So often we equate fame and prestige with perfection. Those whose influence manages to stand the test of time, we consider flawless and above criticism. There is no denying the honor and respect with which today’s society regards the abolition and woman movements. Without courageous, moral reformers such as Grimké, Garrison, and Douglass, our society may never have realized its egregious error in denying both slaves and women the equality and liberty on which the United States is based. While I do not dispute the importance of these reformers, I cannot help but question how their rhetoric influenced the eventual outcomes of both movements: how did their messages, and the way in which they presented those messages, affect anti-slavery? Women’s rights? Would the pace or the outcome of the reforms have been different had the rhetoric been less emotional? More balanced? While we may be incapable of answering these questions, any orator who wishes to effect lasting change must consider them. In leading major movements, speakers have an obligation to envision the possible outcomes and implications of their words. As voices of unification, Grimké, Garrison, and Douglass needed to speak for both women and slaves. Grimké and Garrison chose emotional, harsh, and imbalanced rhetoric to express their views. In contrast, Douglass approached his audience in a rational, clear, and balanced way. Douglass, therefore, established himself as a particularly worthy and credible orator.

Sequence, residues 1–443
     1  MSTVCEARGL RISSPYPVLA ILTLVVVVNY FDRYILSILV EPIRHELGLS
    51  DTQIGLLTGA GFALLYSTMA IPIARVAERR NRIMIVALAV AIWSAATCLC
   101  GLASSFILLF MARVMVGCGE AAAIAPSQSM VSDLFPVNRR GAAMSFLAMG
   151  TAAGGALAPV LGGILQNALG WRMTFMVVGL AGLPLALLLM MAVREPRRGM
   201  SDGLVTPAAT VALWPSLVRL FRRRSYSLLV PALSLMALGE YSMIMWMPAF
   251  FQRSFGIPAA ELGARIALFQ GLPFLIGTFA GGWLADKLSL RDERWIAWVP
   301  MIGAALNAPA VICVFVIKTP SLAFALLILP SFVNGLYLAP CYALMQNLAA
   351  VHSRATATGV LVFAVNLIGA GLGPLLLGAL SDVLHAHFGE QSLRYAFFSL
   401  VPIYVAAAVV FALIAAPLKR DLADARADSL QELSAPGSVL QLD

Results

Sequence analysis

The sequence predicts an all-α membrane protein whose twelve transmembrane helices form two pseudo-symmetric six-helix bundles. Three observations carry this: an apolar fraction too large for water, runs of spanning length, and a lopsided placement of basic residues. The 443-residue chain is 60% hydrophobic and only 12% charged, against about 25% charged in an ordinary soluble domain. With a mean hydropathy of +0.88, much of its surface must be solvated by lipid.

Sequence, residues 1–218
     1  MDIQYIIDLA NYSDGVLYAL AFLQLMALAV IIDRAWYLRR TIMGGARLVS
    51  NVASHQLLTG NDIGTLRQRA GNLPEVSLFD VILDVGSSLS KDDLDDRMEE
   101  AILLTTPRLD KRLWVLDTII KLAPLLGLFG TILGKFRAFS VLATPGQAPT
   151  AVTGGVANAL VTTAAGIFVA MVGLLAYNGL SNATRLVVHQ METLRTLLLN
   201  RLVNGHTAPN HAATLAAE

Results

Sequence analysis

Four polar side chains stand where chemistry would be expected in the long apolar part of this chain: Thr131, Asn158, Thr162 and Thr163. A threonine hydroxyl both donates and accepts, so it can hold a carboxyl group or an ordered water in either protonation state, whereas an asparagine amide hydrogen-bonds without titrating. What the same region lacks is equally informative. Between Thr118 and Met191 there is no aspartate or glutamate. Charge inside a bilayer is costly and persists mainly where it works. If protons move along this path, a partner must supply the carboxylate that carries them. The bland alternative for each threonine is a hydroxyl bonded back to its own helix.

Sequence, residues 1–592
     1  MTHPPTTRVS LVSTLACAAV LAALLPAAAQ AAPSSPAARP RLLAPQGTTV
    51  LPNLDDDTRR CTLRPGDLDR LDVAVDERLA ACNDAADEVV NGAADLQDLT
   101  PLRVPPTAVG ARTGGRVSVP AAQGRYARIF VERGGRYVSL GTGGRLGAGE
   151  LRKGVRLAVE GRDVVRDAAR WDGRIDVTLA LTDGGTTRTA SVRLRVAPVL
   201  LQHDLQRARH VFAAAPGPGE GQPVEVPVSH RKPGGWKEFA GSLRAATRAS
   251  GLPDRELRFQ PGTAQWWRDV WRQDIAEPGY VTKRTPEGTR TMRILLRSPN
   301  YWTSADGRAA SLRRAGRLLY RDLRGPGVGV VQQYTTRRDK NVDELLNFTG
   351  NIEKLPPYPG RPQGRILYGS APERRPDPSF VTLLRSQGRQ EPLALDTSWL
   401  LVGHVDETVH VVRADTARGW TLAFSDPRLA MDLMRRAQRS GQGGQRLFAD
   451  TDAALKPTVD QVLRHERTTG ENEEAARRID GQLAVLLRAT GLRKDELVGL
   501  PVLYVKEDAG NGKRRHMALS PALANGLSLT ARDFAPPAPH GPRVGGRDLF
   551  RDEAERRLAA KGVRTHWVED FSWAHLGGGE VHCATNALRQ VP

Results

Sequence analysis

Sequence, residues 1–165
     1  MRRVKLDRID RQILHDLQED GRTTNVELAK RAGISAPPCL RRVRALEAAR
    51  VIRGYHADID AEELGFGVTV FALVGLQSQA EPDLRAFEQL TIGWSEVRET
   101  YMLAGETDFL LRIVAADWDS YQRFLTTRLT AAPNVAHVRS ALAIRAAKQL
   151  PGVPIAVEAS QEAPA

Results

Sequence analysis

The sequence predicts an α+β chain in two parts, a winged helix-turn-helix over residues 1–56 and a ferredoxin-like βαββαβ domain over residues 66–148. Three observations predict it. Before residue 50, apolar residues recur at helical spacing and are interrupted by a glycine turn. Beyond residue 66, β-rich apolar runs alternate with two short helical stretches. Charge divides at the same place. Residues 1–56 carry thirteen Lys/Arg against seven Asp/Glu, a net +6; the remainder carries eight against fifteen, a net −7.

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Fuller, Margaret. “On the Narrative of Frederick Douglass.” The American Transcendentalists: Essential Writings. Ed. Lawrence Buell. New York: Modern Library, 2006. 354–356. Print.
Garrison, William Lloyd. “Rights of Woman.” William L. Garrison and the Fights Against Slavery: Selections from The Liberator. Ed William E. Cain. Boston: Bedford/St. Martin’s, 1995. 97–101. Print.
Grimké, Sarah. “Response to the Pastoral Letter of the General Association of Congregational Ministers of Massachusetts.”American Rhetorical Discourse. Ed. Ronald Reid and James Klumpp. Long Grove, Illinois: Waveland Press, Inc., 2005. 317–320. Print.
Kraditor, Eileen. “The Woman Question.” Means and Ends in American Abolitionism – Garrison and His Critics on Strategy and Tactics, 1834-1850. Chicago: Ivan R. Dee, Inc., 1967. 39–77. Reprint. 1989.
Reid, Ronald E., and James F. Klumpp. Introduction to “Pastoral Letter and Response to the Pastoral Letter.” American Rhetorical Discourse. Ed. Ronald Reid and James Klumpp. Long Grove, Illinois: Waveland Press, Inc., 2005. 315–317. Print.
—. Introduction to “What to the Slave is the Fourth of July?” American Rhetorical Discourse. Ed. Ronald Reid and James Klumpp. Long Grove, Illinois: Waveland Press, Inc., 2005. 338–330. Print.